Profitable House Flipping -- 6 Key Aspects to Get Right

Flipping can result in a nice payday if you know what you’re doing.

House flipping involves buying a property at a discounted price, improving it in some way, and immediately selling it for a profit. 

Popular cable TV shows make flipping look like an easy way to make thousands of dollars quickly. Of course, these “reality” shows are for entertainment. The reality is that house flipping is a business endeavor and it’s much easier to lose money than it is to make a fortune flipping properties. 

Flipping can result in a nice payday if you know what you’re doing. I flip two to three properties a year, and I've learned a lot about what it takes to be successful in the business.

Here’s a peek inside what it takes to profitably flip properties. 

1. Finding deals

It all starts here. House flippers need to acquire the right property at the right price. Finding those properties requires having multiple sources, like the MLS, wholesalers, auctions, foreclosures, short sale negotiators, and your real estate network. And it involves intimately understanding the market so you can quickly distinguish a deal from a money pit.

Real estate is local, and since you can’t possibly know enough to find good deals in every neighborhood, narrowing your search is key to efficiently getting deals under contract.

Experienced flippers seek out properties that satisfy the 70% rule, which means buying the property at 70% of the after repair value (ARV) minus rehab costs. For example, a house flipper would offer $112,000 for a home with a resale value of $200,000 that will take $40,000 in rehab costs ($200,000 x 70% - $40,000 = $112,000). 

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The 70% rule is simply a rule of thumb to do a quick evaluation, not a guarantee of profits. In this example, it looks like the flipper is pocketing a profit of $48,000, which may sound extremely lucrative. But it doesn’t take into account many costs involved in the house flipping process, such as taxes, holding costs, financing expenses, and selling costs. 

Finding deals takes significant time, effort, and perseverance. They won’t be delivered to you as you sit at your computer crunching numbers. And while a real estate agent is a great asset on your team, it’s not your agent’s job to serve up analyzed deals to you on a silver platter. 

Flipping requires finding and analyzing dozens of properties. I’ve found that my average month looks like this:

  • I run the numbers on 25 to 30 deals.
  • I visit 12 to 15 of them.
  • After revising my analysis, I make three to four offers to get one deal.

It’s worth the time and effort. Overpaying for a property is very difficult to recover from. You may not make any profit at all.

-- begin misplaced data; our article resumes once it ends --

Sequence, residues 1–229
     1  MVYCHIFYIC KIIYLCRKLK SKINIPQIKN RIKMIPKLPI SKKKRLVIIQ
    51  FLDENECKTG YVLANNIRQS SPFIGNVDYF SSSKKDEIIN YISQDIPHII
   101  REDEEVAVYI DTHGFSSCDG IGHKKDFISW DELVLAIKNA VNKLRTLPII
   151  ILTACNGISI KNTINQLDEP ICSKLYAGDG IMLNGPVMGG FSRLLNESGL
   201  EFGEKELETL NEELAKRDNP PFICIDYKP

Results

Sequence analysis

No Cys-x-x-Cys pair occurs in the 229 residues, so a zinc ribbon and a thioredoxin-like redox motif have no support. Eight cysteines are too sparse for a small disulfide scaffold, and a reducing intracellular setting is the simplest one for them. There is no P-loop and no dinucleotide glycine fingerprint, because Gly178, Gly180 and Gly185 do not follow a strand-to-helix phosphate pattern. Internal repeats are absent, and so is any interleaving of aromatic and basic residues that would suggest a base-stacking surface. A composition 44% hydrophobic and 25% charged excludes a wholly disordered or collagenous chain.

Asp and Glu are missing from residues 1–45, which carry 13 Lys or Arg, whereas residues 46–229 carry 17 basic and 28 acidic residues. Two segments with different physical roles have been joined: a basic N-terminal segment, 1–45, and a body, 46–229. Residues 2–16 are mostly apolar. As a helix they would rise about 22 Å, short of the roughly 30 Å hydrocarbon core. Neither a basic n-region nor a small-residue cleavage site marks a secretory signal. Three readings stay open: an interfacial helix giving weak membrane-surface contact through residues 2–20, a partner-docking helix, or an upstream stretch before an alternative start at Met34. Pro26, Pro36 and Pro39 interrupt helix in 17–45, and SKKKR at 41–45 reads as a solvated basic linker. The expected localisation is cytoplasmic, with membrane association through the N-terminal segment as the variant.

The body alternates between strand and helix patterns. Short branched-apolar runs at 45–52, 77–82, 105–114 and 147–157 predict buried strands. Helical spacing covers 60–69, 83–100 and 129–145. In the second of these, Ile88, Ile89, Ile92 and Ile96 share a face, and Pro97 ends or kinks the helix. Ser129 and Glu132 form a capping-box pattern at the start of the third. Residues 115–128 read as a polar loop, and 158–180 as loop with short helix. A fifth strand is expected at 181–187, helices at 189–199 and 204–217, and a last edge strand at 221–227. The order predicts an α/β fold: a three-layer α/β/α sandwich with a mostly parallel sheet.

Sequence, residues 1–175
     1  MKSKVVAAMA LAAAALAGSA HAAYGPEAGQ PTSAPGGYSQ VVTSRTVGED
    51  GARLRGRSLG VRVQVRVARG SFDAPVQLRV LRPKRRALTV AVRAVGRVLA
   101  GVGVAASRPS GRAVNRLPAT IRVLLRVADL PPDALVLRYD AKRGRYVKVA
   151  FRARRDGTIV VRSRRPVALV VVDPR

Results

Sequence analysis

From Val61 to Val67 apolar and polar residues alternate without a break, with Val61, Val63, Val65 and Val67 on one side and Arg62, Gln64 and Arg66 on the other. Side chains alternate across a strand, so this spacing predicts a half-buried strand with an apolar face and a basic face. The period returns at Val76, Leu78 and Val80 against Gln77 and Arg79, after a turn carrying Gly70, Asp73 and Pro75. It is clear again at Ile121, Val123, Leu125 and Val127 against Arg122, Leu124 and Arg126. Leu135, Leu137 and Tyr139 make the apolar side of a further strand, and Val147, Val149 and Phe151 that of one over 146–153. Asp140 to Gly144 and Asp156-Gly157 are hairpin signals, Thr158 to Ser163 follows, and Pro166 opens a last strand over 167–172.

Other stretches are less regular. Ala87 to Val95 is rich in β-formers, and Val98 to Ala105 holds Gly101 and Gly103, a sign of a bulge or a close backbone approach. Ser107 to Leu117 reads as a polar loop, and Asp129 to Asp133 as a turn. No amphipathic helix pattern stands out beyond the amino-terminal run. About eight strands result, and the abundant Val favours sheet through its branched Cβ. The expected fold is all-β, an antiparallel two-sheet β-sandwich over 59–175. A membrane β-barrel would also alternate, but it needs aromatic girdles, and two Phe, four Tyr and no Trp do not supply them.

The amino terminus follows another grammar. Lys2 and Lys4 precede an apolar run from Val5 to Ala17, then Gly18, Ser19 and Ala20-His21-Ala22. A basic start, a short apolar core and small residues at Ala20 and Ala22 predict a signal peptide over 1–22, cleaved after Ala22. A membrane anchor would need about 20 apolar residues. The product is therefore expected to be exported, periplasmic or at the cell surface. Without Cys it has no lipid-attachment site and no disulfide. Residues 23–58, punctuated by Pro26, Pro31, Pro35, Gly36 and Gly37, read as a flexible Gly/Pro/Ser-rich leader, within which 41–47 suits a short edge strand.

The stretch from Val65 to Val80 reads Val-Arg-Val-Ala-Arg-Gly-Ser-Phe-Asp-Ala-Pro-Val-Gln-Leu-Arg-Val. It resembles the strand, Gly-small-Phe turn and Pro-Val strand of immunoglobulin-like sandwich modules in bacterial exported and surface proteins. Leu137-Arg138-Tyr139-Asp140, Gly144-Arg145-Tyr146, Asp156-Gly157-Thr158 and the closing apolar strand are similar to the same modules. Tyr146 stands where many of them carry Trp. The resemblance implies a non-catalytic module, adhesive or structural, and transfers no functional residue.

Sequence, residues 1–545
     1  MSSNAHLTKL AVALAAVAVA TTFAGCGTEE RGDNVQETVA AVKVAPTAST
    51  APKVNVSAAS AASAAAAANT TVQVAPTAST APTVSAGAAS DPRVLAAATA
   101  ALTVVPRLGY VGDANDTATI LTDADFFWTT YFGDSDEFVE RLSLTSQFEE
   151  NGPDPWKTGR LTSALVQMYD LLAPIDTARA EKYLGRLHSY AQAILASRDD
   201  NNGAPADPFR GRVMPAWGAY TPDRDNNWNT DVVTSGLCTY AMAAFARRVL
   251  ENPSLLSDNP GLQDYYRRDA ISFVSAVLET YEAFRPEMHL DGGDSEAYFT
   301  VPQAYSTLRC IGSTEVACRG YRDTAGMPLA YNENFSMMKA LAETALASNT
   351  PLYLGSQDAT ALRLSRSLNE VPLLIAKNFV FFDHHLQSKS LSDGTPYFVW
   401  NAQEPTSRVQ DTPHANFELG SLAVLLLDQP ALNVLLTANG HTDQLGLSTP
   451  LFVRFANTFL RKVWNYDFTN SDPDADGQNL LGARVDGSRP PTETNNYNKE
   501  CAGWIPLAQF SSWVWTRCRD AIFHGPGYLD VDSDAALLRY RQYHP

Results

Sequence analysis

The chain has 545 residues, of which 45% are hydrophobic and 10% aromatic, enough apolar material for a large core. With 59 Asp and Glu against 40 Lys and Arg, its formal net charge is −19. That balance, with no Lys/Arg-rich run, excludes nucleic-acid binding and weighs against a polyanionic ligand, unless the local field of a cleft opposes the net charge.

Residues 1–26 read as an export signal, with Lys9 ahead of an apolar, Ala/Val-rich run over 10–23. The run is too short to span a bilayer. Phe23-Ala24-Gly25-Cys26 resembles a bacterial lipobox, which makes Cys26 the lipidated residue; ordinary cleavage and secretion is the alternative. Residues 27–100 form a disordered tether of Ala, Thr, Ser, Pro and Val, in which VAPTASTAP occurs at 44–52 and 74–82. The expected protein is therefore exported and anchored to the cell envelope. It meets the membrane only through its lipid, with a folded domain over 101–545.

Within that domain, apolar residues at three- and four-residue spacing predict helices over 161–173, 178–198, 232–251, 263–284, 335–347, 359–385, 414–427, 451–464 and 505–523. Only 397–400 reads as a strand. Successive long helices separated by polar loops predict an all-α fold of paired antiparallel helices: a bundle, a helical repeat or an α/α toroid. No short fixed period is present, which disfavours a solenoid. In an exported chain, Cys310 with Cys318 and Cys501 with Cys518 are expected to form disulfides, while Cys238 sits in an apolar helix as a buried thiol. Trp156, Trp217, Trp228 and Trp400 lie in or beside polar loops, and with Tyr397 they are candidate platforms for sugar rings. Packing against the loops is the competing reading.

2. Analyzing deals

If you’re not comfortable with math, you’re going to face a big challenge in house flipping. As a flipper, it’s not kind of about the numbers. It’s all about the numbers! You need to:

  • estimate the property’s value in its current condition to know how much to offer;
  • have an idea of what you'll pay for closing costs,
  • calculate the material and labor costs of renovation;
  • pinpoint the after repair value so you know what to pay for acquisition, rehab, and ownership transfer;
  • estimate your holding time and calculate the costs of temporarily owning the property, including taxes, utilities, permits, water, sewer, and HOA fees; and
  • account for selling costs. A good budget figure is 8%, which includes agent commissions of 5%, inspection repair requests of 1%, and closing costs of 2%. On a $200,000 home, that’s a cost of $16,000 when it's time to sell the property. 

Accurately projecting your costs is crucial to making a profit in house flipping. Factor your profit margin into your analysis as an expense to make sure you hit it. 

3. Funding deals

Model house on top of dollar bills

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Properties are big-ticket items. The average home value in the U.S. is $200,000. As a flipper, you need readily available funds to purchase and rehab the property.

Traditional banks and financial institutions are in the business of providing mortgage loans to homeowners for move-in-ready properties. While real estate investors who buy and hold rental properties can qualify for conventional mortgages, flippers need short-term funding to cover the purchase price. Here are 12 funding sources flippers can tap into.

When lining up flip funding, it’s important to have a reserve fund. Budgets are estimates -- things you didn't budget for will come up. I always allow at least $10,000 in my calculations for unknown repairs, and that has cost me some deals. But losing a deal that could end up costing me too much to make a profit is no loss at all.